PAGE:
Magnesium 23% saturation: Very high. No adjustment necessary or desired. This is very out of balance and is often characteristic of using inexpensive dolomitic limestone (the $4 to $8 a bag stuff) too often. Again, stop liming if you lime. If not, you simply have a lot of dolomitic lime in your soil.

Potassium 1.8% saturation: Low. However, adding it is probably a lost cause at this point. I'd rather see saturation around 2.5%, but the magnesium is grabbing onto the soil harder than the potassium will, and K can't displace Mg very easily. Let me know if you want to try and we'll do it if so.

Trace minerals: Not tested. Your tissue test shows no obvious shortages, although iron and manganese are on the low side.

To improve the iron--and you'll need a lot of it for good green colors at that pH--I'd recommend using Milorganite as your back and budget can bear it. It doesn't interact with anything, so can go with the starter fertilizer, or separately if you'd rather. Use in May, August, September, and October will slowly (very slowly) raise your iron levels.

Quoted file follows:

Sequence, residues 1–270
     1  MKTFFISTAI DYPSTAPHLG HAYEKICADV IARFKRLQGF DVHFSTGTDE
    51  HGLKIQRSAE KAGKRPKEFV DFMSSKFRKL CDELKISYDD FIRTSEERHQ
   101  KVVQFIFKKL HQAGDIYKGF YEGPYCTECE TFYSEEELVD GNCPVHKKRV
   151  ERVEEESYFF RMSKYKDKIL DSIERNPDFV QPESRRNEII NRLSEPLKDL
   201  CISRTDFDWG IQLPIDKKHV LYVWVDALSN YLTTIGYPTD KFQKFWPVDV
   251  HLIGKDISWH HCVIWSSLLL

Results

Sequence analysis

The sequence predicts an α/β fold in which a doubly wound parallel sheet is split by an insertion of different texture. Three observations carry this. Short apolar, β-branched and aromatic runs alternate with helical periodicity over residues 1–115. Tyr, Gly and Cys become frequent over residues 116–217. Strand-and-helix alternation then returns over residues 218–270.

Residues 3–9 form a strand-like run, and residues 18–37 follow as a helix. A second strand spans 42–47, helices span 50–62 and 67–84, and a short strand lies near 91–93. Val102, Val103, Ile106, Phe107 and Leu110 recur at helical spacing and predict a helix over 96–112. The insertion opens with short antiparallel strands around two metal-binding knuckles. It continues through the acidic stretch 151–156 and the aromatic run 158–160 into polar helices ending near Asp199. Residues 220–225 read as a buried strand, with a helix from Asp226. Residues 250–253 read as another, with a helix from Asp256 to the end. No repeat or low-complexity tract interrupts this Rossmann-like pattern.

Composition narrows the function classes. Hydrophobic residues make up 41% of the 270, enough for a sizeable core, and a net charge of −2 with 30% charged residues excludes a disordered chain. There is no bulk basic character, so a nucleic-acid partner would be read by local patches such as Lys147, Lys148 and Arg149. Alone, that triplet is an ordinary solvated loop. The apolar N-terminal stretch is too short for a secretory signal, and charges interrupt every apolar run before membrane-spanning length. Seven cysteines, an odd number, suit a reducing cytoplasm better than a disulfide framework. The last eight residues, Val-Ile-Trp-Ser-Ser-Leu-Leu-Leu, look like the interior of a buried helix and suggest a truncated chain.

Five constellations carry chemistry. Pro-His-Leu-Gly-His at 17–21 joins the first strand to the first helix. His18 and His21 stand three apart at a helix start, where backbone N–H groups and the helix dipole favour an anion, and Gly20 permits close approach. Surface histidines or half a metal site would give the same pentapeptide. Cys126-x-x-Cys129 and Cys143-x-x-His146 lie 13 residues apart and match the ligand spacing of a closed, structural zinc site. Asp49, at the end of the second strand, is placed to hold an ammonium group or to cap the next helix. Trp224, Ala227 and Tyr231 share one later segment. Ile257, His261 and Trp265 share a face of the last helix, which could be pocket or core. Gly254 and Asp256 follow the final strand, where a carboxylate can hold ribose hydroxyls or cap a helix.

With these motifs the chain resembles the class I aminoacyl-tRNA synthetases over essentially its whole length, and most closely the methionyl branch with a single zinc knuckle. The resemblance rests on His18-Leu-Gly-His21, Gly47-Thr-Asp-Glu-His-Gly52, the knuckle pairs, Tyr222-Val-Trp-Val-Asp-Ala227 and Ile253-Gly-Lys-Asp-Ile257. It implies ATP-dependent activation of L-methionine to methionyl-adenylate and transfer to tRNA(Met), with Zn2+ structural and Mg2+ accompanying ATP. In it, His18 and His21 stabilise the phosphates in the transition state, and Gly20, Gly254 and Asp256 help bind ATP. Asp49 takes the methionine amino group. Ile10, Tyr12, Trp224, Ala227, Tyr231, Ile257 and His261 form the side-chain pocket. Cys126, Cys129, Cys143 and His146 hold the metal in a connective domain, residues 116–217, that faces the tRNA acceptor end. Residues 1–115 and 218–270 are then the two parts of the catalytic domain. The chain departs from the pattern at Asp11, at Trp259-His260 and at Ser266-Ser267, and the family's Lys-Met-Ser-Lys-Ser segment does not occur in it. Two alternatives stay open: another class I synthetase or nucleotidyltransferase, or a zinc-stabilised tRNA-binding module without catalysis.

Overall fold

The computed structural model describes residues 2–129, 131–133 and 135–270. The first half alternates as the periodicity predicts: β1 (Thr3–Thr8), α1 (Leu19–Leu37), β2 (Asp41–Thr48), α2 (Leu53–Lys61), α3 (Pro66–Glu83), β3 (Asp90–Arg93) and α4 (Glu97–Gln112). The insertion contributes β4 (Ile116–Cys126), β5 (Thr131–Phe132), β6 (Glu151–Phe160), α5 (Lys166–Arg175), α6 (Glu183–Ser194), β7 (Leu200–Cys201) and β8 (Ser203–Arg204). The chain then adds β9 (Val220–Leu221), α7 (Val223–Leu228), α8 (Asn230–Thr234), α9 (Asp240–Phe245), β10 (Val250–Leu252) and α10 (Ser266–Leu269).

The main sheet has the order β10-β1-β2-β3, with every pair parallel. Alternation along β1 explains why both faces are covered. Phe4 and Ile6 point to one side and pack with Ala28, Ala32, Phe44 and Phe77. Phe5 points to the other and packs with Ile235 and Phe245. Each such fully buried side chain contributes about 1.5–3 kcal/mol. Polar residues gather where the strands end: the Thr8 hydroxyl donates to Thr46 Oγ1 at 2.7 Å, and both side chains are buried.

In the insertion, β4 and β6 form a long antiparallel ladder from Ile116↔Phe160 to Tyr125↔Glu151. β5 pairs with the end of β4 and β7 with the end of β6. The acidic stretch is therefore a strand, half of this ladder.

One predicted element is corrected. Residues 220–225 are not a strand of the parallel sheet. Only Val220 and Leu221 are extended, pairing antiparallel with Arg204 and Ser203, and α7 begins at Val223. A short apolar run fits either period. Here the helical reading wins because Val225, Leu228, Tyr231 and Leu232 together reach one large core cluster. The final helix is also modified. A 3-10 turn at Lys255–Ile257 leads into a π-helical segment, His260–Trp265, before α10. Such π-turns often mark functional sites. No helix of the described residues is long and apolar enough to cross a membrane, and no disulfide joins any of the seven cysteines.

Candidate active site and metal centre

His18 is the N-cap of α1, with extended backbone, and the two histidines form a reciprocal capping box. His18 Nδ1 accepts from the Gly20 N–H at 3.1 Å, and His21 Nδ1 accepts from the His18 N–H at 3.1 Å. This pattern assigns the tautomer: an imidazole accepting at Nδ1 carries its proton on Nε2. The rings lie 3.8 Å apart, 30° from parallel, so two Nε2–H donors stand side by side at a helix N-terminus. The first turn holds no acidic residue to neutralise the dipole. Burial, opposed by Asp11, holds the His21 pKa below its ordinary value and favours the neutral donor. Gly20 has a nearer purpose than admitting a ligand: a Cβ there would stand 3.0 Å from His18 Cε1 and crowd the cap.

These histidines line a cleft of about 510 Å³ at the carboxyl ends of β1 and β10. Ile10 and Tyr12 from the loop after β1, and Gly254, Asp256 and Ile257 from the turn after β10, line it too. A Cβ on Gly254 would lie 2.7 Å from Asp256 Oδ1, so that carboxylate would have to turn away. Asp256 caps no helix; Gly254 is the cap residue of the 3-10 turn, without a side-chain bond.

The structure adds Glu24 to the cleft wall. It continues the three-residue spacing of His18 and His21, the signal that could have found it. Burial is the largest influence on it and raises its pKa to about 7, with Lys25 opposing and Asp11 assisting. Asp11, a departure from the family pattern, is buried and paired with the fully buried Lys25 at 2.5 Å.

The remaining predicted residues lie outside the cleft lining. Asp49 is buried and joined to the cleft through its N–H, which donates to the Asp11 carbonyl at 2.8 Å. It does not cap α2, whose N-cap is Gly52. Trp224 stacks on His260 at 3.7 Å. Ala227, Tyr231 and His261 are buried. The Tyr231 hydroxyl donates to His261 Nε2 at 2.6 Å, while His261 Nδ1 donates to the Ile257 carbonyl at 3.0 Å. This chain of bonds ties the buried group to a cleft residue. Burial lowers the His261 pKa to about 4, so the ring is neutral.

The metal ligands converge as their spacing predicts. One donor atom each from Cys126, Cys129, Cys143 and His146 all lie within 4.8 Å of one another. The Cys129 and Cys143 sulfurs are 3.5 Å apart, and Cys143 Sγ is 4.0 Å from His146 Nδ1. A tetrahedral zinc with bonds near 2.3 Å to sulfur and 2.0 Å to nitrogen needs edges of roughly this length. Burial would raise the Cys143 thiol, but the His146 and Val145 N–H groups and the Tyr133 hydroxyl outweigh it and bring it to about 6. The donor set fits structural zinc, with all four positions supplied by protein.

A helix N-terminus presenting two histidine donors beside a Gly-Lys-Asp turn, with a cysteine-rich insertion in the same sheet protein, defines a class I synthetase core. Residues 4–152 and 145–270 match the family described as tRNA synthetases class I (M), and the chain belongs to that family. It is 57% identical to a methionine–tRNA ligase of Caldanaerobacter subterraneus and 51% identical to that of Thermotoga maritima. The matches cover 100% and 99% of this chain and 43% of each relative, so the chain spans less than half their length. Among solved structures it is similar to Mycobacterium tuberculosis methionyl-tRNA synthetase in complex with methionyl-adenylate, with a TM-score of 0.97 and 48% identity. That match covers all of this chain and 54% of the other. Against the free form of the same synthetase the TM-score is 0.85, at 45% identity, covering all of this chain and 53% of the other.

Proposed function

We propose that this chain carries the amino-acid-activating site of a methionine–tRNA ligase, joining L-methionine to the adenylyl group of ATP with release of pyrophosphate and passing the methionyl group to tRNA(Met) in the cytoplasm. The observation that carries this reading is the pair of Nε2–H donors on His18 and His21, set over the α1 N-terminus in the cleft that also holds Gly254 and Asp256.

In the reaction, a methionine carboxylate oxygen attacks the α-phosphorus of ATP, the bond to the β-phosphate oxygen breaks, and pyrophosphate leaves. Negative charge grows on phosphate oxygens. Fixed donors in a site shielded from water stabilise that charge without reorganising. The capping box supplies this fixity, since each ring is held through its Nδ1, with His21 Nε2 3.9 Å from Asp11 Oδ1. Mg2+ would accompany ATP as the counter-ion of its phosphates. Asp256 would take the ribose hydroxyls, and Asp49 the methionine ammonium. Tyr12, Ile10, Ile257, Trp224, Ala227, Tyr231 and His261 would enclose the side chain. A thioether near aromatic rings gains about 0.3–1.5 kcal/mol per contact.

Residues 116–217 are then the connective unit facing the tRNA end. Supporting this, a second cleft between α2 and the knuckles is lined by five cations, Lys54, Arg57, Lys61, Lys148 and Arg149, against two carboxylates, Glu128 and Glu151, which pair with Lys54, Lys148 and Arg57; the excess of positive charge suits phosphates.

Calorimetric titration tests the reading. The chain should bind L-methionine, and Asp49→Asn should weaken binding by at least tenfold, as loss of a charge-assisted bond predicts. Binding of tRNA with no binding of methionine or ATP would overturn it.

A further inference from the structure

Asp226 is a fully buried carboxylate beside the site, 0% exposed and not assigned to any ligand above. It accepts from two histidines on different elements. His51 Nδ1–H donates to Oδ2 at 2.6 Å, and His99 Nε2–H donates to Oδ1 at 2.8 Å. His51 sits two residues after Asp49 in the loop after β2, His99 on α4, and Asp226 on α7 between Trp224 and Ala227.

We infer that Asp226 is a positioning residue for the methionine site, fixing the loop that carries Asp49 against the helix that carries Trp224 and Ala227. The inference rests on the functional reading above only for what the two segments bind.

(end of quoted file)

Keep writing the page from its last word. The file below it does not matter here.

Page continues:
Since the soil manganese wasn't tested, I can't give you a recommendation on adding any.

Sidenote: Calcium / Manganese is optimal in the 8 to 10 range. Dividing yours out (3000/550) gives a ratio around 5.4.

We can't raise calcium and can't preferentially get rid of the magnesium, so we live with it for now. There are methods to abolish the magnesium, but I don't think they'll work here, and I don't want to finagle with a calcium balance that's perfect already.